Sometimes it’s easy to feel like you’re getting motherhood completely wrong, and that’s what we usually vent about. The social media (and actual media!) pendulum has swung from perfectionist aspirational to confessional: “Real talk” about modern motherhood is usually conducted through the lens of stress and inadequacy and see-how-messy-my-playroom-really-is.

Misery loves company, but sometimes we’re actually doing really well. Yes, maybe your child will only eat corn dogs (guilty) or has fingernails that look like a caveman’s. But let’s also give ourselves some credit, especially on Mother’s Day.

Read on for glimpses at what these moms have absolutely done right.

“Empathy and compassion. Both of my kids understand that there are people struggling in the world, near and far, sometimes in their own classroom, in small and big ways. From selling lemonade on the corner to showing plain old kindness to someone who needs it, I am proud that they can put themselves in another’s shoes if they need to, and I have seen them inspire others to do the same. Most days I feel like I’m winging this whole parenting thing and often wonder WTH I’m doing, but I feel like this is one of the things we got right.”
Karen, mom of an 11-year-old and 8-year-old

“Making holidays important, passing down recipes (latkes, hamentashen, challah, blintzes) and making family important, especially during the holidays.”
Stephanie, mom to a 17-year-old and 14-year-old

“Keeping our family intact, loving, functional and involved after their dad died.”
Mary, mom of a 10-year-old and 8-year-old

“Teaching consent and bodily autonomy.”
Erin, mom of a 5-year-old

I’m not a food pusher, but I have never made a different meal for my kids. We all eat the same food. If they don’t like it, they can find something at the table they do like. This has been from the very beginning.”
Mari, mom of a 12-, 14- and 17-year-old

“Apologizing when I’m in the wrong.”
Sarah, mom to a 9-year-old and 7-year-old

I’ve gotten my daughter to sleep in her clothes for the next day. It makes mornings a million times easier.”
Beth, mom of an 8-year-old

“I raised a calm, happy, easy-going kid by having a calm, easy-going, happy home. I’m careful to keep stress, anger or aggression far, far away from her. It helps that I’m not married! Ha! Also, I realize it could just be her nature and not my amazing parenting at all.”
—Alyssa, mom of a 3-year-old 

“My daughter will put down a bowl of ice cream or a plate of cake with food still on it and say, ‘I’m done.’ She has actually learned how to listen to her body, even when the offering is sugar.”
Megan, mom of a 9-year-old


“Creating a trusting relationship. They both come to me with their problems and trust me with secrets. I’m thankful for this in the teenage years and pray it continues.”
Jessica, mom of a 15-year-old and 8-year-old 

“Sleeping and languageI say this all the time. I microwave all their dinners; I don’t do Pinterest-worthy arts and crafts. But I poured a ton of time and energy into getting to sleep right from the get-go. And I’m good at talking to my kids constantly, so I think that has helped with their language development.”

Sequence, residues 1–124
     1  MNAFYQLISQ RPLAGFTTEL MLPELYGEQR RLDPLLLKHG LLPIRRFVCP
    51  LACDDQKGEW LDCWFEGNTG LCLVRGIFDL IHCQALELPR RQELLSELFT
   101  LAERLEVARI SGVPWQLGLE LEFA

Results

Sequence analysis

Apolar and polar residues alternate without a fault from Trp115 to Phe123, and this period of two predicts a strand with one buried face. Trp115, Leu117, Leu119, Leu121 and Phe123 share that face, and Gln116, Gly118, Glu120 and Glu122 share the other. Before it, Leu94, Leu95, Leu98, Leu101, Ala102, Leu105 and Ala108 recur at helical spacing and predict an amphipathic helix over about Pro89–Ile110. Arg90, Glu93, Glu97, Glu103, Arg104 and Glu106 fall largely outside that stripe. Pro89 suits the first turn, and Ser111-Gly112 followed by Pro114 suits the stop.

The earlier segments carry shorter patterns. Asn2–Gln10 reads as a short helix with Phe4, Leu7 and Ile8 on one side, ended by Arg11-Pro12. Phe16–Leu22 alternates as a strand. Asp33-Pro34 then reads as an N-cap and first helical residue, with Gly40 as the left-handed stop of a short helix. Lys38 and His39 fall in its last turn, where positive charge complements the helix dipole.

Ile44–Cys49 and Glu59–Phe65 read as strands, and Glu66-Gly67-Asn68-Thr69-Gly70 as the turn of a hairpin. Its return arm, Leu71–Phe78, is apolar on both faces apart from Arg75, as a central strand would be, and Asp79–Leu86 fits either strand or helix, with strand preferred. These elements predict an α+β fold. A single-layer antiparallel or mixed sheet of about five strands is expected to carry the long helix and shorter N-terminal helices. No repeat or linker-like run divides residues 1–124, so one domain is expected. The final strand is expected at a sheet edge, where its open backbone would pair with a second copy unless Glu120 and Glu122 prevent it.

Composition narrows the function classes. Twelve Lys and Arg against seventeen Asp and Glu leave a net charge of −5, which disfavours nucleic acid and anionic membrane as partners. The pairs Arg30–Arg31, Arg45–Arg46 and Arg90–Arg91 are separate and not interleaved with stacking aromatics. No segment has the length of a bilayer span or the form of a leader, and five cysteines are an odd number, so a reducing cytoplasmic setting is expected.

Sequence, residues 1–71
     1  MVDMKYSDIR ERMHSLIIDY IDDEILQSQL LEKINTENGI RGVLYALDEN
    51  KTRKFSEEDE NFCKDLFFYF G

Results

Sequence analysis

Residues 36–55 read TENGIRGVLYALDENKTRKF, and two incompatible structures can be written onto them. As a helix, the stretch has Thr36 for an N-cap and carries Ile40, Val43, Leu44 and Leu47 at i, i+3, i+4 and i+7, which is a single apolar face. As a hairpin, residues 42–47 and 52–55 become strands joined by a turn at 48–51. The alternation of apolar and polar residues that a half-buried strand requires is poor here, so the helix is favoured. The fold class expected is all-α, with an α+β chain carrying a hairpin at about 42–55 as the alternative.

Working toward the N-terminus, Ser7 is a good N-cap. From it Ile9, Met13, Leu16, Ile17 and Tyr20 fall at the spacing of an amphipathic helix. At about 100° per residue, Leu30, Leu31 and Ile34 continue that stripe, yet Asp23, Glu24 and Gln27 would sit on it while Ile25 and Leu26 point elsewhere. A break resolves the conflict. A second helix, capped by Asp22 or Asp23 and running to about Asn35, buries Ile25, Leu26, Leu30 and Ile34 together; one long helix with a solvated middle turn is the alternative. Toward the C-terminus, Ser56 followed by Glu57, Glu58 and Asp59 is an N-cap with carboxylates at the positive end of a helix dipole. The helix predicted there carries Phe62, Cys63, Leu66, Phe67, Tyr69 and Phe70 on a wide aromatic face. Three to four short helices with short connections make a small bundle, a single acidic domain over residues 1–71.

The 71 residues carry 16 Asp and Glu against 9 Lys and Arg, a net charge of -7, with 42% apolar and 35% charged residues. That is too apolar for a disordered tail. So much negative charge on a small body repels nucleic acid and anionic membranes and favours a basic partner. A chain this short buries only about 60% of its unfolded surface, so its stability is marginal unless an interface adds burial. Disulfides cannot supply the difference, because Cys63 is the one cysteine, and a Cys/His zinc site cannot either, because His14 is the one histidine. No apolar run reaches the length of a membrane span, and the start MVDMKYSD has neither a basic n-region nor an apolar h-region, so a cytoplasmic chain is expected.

Neely, mom of a 3- and 2-year-old

“Compassion. Without fail, when she sees a kid crying or pouting, whether it’s at the playground, school or ballet, she goes over, asks what’s wrong, gives them a hug and says it’s going to be OK. It makes me cry/smile every time I see it. And it makes me hopeful for the kind of adult she’s going to be.”
Devon, mom of a 4-year-old

“Teaching consent, even between brothers or mothers. You don’t want a kiss or hug? Just say so.”
Susan, mom of a 6-year-old and 4-year-old

“When traveling, our daughter is given a budget of her own. The amount depends on location, length of stay, et cetera, but when her money runs out, that’s it. It completely changes the conversation about shopping, candy and wanting to spend money.”
Sandi, mom of an 8-year-old

“I have never focused on diets or exercising. We talk about healthy foods and being active because it feels good, and we have always modeled a healthy lifestyle. My two teen girls have such a healthy relationship with food, their bodies and being active because they see they feel better! For that I’m proud.”
Laura, mom of two teenagers

“Kindness to elderly relatives. Our daughter actually loves going to visit her great-grandmother and plans what she can do or say with her to make her happy.”
Marli, mom of a 7-year-old

“I’ve messed a lot up as a single mom. Our routine is to not have one; I work away from home and they have had to be really independent. But two things that are awesome about my kids are how accepting they are of differences and how confident they are in the world. People tell me all the time that they are so thoughtful and independent. I think their accepting nature comes from having and being raised with siblings who have disabilities, but I think the confidence comes from being raised to think they are capable and able to do anything.”
Jenn, mom of an 8-, 11-, 17- and 20-year-old

“My daughter eats everything that’s in front of her, including duck paté!”
Cindy, mom of a 2-year-old

“My son (almost) always says please when he asks for something.”
Cheryl, mom of a 5-year-old

“I have nailed getting my kids to love reading. Once when my son was about 8, we arrived in a hotel room that had a massive flatscreen TV. He looked at the TV and said, ‘Wow, that’s a big TV. But we won’t need it, because I brought lots of books.'”
Laurie, mom of a 14-year-old

“My children love each other. When they were kids, my greatest fear was that they would grow up and act on their threats of, ‘I’m going to kill you!’ But as adults, all three of them love, respect and care deeply for each other. That is my greatest accomplishment.”
Joni, mom of adult children